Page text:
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Obama’s Paris Agreement: A Precursor To Increased Government Control And Regulation

The opinions expressed by columnists are their own and do not necessarily represent the views of

June marks just the second month since President Obama committed the U.S. to the Paris Climate Agreement, but already concerns over the potential for success are starting to pile up. Government reports and policy experts increasingly point to mounting evidence that Obama’s pledge under the Paris Agreement is simply unachievable, leading to the conclusion that the Agreement could be the precursor for even more job killing and economically disastrous regulations.

Pursuant to the Paris Climate Agreement, President Obama pledged that the U.S. would reduce total greenhouse gas emissions by 26 to 28 percent from 2005 levels by 2025. Aside from the obvious economic impacts the Agreement will have on the U.S., experts overwhelmingly agree the reduction targets pledged by the Obama Administration are out of touch with reality.

A recent State Department report, the 2016 Biennial Report of the United States of America, examined where the Obama Administration projects U.S. net GHG emissions to be in 2025 with “Current Measures” and where they might be with “Additional Measures.”

The report concluded that Obama’s pledge under the Agreement could not be met using “current measures.” That is, taking into account existing and finalized regulations, such as the Clean Power Plan and Renewable Fuel Standards, the U.S. would not be able to achieve the reduction goals of 26 to 28 percent.

Specifically, under the “Current Measures” scenario, GHG emissions would be 14 percent lower in 2025 compared to 2005. Thus by the Obama Administration’s own reasoning, emission reductions resulting from current regulatory measures will fall a whopping 49 percent short of the emission goal of 28 percent under Obama’s Paris commitments.

Such a massive 49 percent gap thus sets the stage for an additional wave of economically disastrous regulations, all being championed on the premise of meeting a pledge President Obama made without consulting Congress or the American people.

Even the most generous projections show the gap would amount to an 800-million ton shortfall. The equivalent of making up such a shortfall would require taking almost 150 million cars off the road permanently, over half of the U.S. auto fleet. In fact, the reductions gap is so large it would not be overcome by shutting down six major U.S. industries. That is, shutting down entire industries such as: petrochemical production; lime production; aluminum production; cement production; agriculture; and iron and steel – would still fall short.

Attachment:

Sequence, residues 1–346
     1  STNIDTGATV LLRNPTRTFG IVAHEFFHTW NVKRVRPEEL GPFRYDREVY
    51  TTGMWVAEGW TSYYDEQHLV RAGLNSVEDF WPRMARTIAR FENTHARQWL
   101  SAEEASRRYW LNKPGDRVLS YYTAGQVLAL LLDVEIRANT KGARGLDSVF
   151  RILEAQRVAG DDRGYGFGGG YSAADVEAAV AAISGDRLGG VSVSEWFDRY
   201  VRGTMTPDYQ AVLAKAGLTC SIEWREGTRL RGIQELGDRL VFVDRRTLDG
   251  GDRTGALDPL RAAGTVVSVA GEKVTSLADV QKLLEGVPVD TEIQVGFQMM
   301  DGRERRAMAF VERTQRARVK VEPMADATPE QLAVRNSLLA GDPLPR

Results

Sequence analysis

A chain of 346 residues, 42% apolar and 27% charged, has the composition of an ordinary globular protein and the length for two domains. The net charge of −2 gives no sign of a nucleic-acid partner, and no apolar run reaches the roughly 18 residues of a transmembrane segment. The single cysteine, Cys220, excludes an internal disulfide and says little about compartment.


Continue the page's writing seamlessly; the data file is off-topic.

The report further found that “additional measures” would be required to achieve the reductions pledged by Obama. In other words, the current regulatory burden would almost need to be doubled, a proposition that would further threaten American economic growth and trickle down to consumers and taxpayers as the costs of goods rise as a result.

Under the “Additional Measures” scenario, the report outlines an avalanche of new and proposed regulations that, taken together, could “potentially” overcome the shortfall – that is if they don’t implode the U.S. economy first. Those measures include, but are not limited to: reductions in industrial energy demand; additional state actions in the electricity sector; new appliance efficiency standards; increased standards for residential and commercial buildings; and greater biofuel deployment and commercial aviation efficiency.

The theme that emerges from potential “additional measures” is that literally no sector of the economy would go untouched if a second round of regulations were carried out to close the emissions reduction gap. So on top of skyrocketing energy prices, reductions in household income, and job losses already playing out under current regulations, Obama could be teeing up an additional regulatory onslaught in the coming years.

Clearly if Hillary Clinton or Bernie Sanders were to take the reins from Obama next year, the threat of an almost doubling of the regulatory burden could increasingly become reality. Thus Obama’s Paris Agreement represents not just an overwhelmingly unachievable pledge that comes at the expense of American taxpayers and the economy, but also the potential for even more resounding government control over the country.

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